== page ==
I was working for a startup about four years ago. By necessity and interest I got recruited into technical and product marketing.
I was working hard to distill complicated technical topics regarding our product to a non-technical audience.
I sent a "whitepaper" out to a technical reviewer. If you’re not familiar, a whitepaper is a form of technical writing only non-technical people read. Actual technical work gets called a “paper”. It may or may not be published in a technical journal (e.g. “The Raft paper”)
Anyway, I had hoped for a technical review. I had hoped that I didn't incorrectly represent any of the aspects of our product.
Instead I got the best writing advice I ever received:
This was not a compliment about my writing.
This was a principal engineer at a startup I was working for. I respect their technical chops tremendously. We had worked together on hard problems, and they had explained some difficult concepts to me.
Look at this. You're using this sentence like it's a program and you've got
eight branches. Count them. There are eight. If you got this program from a
junior could you review it?
I've since come to understand it was also not a compliment about my programs.
From some of my first writing in junior high teachers and editors told me "This is a run-on sentence".
They may have even told me "You write run-on sentences". Nobody but this principal engineer had identified why.
If you're a programmer, you will write prose. If you are struggling with getting your ideas across try this: when you write prose, write one idea per sentence. This shift alone will make your prose better. If your prose gets better, your programs will get better.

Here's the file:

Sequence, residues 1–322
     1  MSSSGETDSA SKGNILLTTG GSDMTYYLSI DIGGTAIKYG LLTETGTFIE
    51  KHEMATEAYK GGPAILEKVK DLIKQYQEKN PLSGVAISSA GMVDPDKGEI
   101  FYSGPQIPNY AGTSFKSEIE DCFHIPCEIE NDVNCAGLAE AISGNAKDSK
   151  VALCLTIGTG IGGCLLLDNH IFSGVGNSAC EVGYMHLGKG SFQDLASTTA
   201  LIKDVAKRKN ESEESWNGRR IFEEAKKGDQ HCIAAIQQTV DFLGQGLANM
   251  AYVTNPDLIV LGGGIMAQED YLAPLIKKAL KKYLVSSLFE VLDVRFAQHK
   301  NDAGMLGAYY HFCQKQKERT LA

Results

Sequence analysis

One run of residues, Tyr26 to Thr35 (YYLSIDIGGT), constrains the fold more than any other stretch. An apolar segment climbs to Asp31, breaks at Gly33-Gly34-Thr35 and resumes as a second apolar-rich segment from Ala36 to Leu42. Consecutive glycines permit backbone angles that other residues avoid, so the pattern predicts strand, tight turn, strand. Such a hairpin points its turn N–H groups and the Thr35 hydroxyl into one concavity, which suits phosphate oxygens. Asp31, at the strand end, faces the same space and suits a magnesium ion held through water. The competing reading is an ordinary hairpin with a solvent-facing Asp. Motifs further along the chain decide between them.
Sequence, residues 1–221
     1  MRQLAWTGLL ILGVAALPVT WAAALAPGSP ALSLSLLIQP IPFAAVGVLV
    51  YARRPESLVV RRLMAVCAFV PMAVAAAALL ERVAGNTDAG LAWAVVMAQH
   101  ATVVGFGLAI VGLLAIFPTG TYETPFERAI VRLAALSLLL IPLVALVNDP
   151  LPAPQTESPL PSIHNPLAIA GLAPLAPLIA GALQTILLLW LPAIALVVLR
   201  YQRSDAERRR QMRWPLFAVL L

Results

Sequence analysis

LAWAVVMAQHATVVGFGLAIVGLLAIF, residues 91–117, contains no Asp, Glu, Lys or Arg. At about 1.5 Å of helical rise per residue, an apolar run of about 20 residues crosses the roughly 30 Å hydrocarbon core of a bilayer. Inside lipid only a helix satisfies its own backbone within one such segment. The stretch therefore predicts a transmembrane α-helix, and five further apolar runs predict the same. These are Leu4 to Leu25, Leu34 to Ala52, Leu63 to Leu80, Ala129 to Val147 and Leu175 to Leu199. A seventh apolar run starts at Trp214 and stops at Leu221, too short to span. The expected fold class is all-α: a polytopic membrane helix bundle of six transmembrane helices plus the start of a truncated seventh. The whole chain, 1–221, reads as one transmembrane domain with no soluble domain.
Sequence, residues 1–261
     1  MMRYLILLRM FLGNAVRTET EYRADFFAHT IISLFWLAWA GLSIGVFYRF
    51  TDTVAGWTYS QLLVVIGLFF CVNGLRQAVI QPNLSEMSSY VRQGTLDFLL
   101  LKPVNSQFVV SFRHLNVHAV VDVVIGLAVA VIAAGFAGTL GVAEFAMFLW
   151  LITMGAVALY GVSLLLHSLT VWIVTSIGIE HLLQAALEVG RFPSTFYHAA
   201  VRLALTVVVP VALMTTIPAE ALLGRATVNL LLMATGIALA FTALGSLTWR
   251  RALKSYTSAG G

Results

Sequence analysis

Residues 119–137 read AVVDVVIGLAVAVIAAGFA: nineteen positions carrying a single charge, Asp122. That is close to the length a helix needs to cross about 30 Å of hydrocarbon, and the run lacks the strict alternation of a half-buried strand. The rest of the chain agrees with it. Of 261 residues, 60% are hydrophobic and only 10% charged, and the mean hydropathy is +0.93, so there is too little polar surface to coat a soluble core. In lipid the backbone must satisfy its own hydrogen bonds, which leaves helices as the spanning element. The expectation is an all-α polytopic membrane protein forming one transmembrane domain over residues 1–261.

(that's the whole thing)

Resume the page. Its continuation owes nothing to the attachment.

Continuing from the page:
22nd August 2016
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I'm Issac. I live in Oakland. I make things for fun and money. I use electronics and computers and software. I manage teams and projects top to bottom. I've worked as a consultant, software engineer, hardware designer, artist, technology director and team lead. I do occasional fabrication in wood and plastic and metal. I run a boutique interactive agency with my brother Kasey and a roving cast of experts at Kelly Creative Tech. I was the Director of Technology for Nonchalance during the The Latitude Society project. I was the Lead Web Developer and then Technical Marketing Engineer at Nebula, which made an OpenStack Appliance. I've been building things on the web and in person since leaving Ohio State University's Electrical and Computer engineering program in 2007. Lots of other really dorky things happened to me before that, like dropping out of high school to go to university, getting an Eagle Scout award, and getting 6th in a state-wide algebra competition. I have an affinity for hopscotch.